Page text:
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Carriers start to return 2021 premiums in some states, meanwhile other carriers start to raise rates

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As insurance companies maneuver through the losses from 2021 and determine how to address changes in 2022, carriers are taking different approaches to how they handle policies across the nation. With inflation, the continuing supply shortage and the rise in road fatalities on the mind, carriers are asking for rate increases in the most disaster-prone states. 

It has now become more important than ever for policyholders to know and understand what kind of coverage they have and what they are paying for so they can get the most out of their auto insurance policies as carriers slowly start to address rate changes state by state.

Potential price optimization practices in California 

The California Department of Insurance and Consumer Watchdog claimed that Allstate was engaging in price optimization in October 2021, which means the carrier has been potentially charging higher premiums to customers that are unlikely to change to a competitor. Both groups have accused Allstate of giving smaller-than-appropriate discounts to the least price-sensitive customers, like those with clean driving records who have multiple policies.

Price optimization is the practice of using factors unrelated to risk and non-insurance databases to calculate auto insurance premiums to maximize company profits. It usually comes into play after an insurer uses traditional risk-based pricing strategies and increases a policyholder’s premiums based on factors other than a person’s loss risk. 

Although the Insurance Information Institute (III) stated that there is nothing wrong with or inappropriate about using price optimization, 20 states including California have banned this practice. 

Allstate isn’t the only carrier to come under scrutiny in regards to price optimization; Farmers was ordered to pay a $52 million insurance settlement to California policyholders back in 2019.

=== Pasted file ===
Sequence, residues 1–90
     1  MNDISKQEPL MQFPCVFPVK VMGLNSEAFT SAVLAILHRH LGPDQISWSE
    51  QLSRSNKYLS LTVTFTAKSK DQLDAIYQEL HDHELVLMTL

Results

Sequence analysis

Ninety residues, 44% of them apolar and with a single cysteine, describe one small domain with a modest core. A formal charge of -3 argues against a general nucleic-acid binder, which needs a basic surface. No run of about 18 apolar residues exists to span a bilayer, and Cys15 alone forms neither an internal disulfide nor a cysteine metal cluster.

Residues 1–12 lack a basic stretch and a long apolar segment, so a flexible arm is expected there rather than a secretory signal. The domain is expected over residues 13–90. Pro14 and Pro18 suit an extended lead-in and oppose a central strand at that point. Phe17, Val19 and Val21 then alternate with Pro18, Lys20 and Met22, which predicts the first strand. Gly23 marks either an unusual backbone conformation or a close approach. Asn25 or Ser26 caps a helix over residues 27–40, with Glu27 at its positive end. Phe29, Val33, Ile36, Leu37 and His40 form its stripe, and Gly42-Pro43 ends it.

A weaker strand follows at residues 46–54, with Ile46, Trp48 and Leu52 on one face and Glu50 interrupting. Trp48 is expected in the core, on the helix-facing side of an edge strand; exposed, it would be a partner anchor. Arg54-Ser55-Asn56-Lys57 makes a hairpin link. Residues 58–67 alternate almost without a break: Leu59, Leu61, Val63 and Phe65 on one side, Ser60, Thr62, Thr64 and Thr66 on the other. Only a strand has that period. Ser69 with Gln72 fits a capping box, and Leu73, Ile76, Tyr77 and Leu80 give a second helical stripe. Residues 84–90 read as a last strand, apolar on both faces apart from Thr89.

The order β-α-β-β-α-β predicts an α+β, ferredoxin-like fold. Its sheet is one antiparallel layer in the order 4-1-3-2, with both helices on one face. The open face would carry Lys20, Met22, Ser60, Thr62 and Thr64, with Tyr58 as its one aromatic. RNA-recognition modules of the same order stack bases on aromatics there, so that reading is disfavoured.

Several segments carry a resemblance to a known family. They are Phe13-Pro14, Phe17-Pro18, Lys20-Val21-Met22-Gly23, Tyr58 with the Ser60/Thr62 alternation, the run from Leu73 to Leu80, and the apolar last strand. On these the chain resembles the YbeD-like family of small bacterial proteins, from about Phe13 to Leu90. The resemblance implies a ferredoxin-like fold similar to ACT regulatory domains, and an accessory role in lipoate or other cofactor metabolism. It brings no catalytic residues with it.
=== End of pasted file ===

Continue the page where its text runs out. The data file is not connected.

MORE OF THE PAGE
States where carriers are returning premiums to policyholders 

Auto policyholders in Missouri received approximately $25 million extra from their insurance companies last year after the Consumer Affairs Division and Market Regulation Division confirmed that carriers weren’t in compliance with the state’s insurance laws. 

Michigan drivers saved a collective $4 billion on auto insurance premiums after the state’s no-fault law took effect in 2020. Since this law went into effect, more than 155,000 drivers purchased auto insurance — more than a third of those new policyholders had not had car insurance for at least three years. The Michigan Catastrophic Claims Association (MCCA) also announced that it would be issuing refunds of $400 per vehicle in 2022. 

States where carriers are raising rates 

According to a report by the American Property Casualty Insurance Association, insurance costs are accelerating even faster than the underlying rate of consumer inflation, as carriers have been dealing with unpredictable cat losses. The report states that insurers paid out more than $176 billion in losses between 2020 and 2021, the highest ever two-year total. 

Progressive received approval for 15 rate increases in five states in January. This would lift the carrier’s premiums by $269.3 million. 

Allstate was approved for 25 rate hikes across 13 states, pushing the company’s premiums up by $248.6 million. The carrier acknowledged factors like inflation, increasing auto prices and auto severity trends as the main reasons for the increase. 

State Farm deployed 24 rate hikes, increasing premiums by $199.3 million. 

Lemonade also recently announced that it would be raising auto rates in Tennessee by 15% before even launching coverage capability in the state.

In addition, other major carriers like Travelers and Kemper are pursuing wide-ranging plans to increase auto rates across the country.

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Jasmine KimB2B Content Manager

Jasmine is The Zebra’s newsroom content writer. With a background in journalism, she reports on breaking news, trends, mergers and acquisitions, and financial reports related to the insurance industry.